By Smarty — One of many Arthritis blogs on SmartLivingNetwork.com
There are more than one hundred kinds of arthritis affecting millions of people globally.Most people understand that Rheumatoid arthritis affects joints and causes joint pain, and most people realize that it can be crippling, but many often underestimate its debilitating effects.
Rheumatoid arthritis differs from osteoarthritis in that it's not a result of wear and tear on the joints.Rheumatoid arthritis is actually an autoimmune disease.A properly functioning immune system protects the body from disease or infection.Rheumatoid arthritis occurs when the immune system mistakenly begins attacking the lining of the joints, called the synovium.
Rheumatoid arthritis has several symptoms, but those who have it typically have flare-ups of the symptoms.Some of these include pain and swelling in the joints, especially those of the hands and feet; pain or stiffness in the joints, even after rest; a general malaise; limited motion in those joints; weakness in the muscles surrounding the joints; deformity of those joints; fatigue; loss of appetite; and a low-grade fever.
Anyone may get Rheumatoid arthritis, but women are nearly three times more likely than men, and smokers have an increased susceptibility.Typically, the initial onset begins somewhere between the ages of twenty to fifty.While Rheumatoid arthritis isn't inherited genetically, researchers believe that there may be a gene making people more susceptible to it.Certain infections seem to cause a greater risk for some. At this point, the definitive cause for Rheumatoid arthritis is uncertain.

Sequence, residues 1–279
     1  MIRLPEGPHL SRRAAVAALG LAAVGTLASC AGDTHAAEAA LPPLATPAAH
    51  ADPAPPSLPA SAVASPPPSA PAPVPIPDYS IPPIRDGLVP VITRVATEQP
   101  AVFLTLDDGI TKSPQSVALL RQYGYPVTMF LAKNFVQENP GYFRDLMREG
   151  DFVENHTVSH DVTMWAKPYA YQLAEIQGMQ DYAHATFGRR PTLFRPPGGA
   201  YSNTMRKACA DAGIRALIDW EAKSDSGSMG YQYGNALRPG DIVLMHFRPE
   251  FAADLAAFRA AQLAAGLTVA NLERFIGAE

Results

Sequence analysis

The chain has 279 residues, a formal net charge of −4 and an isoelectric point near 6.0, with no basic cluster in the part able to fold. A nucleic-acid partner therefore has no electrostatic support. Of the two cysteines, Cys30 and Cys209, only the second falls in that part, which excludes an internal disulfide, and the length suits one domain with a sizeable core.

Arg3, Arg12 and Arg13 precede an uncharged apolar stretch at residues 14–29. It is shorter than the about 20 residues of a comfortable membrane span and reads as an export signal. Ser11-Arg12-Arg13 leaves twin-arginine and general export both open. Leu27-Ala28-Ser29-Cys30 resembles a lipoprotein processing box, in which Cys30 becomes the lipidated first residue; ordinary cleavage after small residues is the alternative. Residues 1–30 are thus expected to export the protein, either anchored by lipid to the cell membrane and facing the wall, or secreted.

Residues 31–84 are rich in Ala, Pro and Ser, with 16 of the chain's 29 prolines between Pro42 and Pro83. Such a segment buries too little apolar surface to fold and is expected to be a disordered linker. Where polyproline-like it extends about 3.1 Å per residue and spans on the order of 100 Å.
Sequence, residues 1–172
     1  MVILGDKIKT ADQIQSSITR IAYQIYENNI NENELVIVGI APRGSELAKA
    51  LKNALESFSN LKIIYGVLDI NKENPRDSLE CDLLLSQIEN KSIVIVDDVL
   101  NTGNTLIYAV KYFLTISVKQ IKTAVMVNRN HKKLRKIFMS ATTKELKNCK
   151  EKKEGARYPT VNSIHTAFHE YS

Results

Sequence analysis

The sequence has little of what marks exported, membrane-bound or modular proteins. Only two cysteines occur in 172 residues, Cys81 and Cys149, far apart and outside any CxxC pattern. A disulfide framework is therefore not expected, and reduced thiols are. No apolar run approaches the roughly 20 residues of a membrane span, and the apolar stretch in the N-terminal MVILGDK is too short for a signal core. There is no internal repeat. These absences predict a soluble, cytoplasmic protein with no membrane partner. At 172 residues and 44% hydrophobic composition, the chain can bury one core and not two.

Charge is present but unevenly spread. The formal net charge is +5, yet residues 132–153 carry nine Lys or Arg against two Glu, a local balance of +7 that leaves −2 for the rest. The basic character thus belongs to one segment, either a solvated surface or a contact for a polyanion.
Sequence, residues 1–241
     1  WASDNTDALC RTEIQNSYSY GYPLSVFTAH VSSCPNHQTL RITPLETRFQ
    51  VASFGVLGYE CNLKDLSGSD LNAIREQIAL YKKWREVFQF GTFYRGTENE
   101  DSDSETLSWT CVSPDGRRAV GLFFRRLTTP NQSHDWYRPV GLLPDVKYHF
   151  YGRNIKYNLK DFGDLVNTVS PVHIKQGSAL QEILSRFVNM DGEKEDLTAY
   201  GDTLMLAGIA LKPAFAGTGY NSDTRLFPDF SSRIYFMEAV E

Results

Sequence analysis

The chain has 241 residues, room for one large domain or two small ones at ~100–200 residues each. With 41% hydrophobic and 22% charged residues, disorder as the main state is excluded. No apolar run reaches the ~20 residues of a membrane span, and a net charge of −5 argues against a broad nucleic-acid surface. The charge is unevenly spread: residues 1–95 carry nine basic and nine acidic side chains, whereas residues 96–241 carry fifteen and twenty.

Symptoms of Rheumatoid arthritis usually begin with pain in the wrists, hands, knees, and feet, and it usually affects both sides of the body at once.Later, other areas such as the shoulders, jaw, neck, and elbows can become affected.Some people will get painless lumps or nodules, usually at pressure points such as the hands, the elbows, feet, the Achilles tendon, and sometimes the scalp.Over time, Rheumatoid arthritis can cause deformity in the joints.Rheumatoid arthritis can also cause inflammation in the tear ducts, salivary glands, the lungs, the lining of the heart and lungs, and even blood vessels.
Unfortunately, right now there is no cure for Rheumatoid arthritis, but there are quite a few treatment options that you may wish to discuss with a doctor.Pain medications that can help with inflammation are helpful, but they do not stop the damage to the joints.Steroids can be used to help with the pain and swelling, but they are a short-term option.There are now anti-rheumatic drugs that can slow the damage to joints, but they take a while to be effective.All of these treatments can have serious side effects, so it's important to work with the doctor when a person is on any of these treatments.
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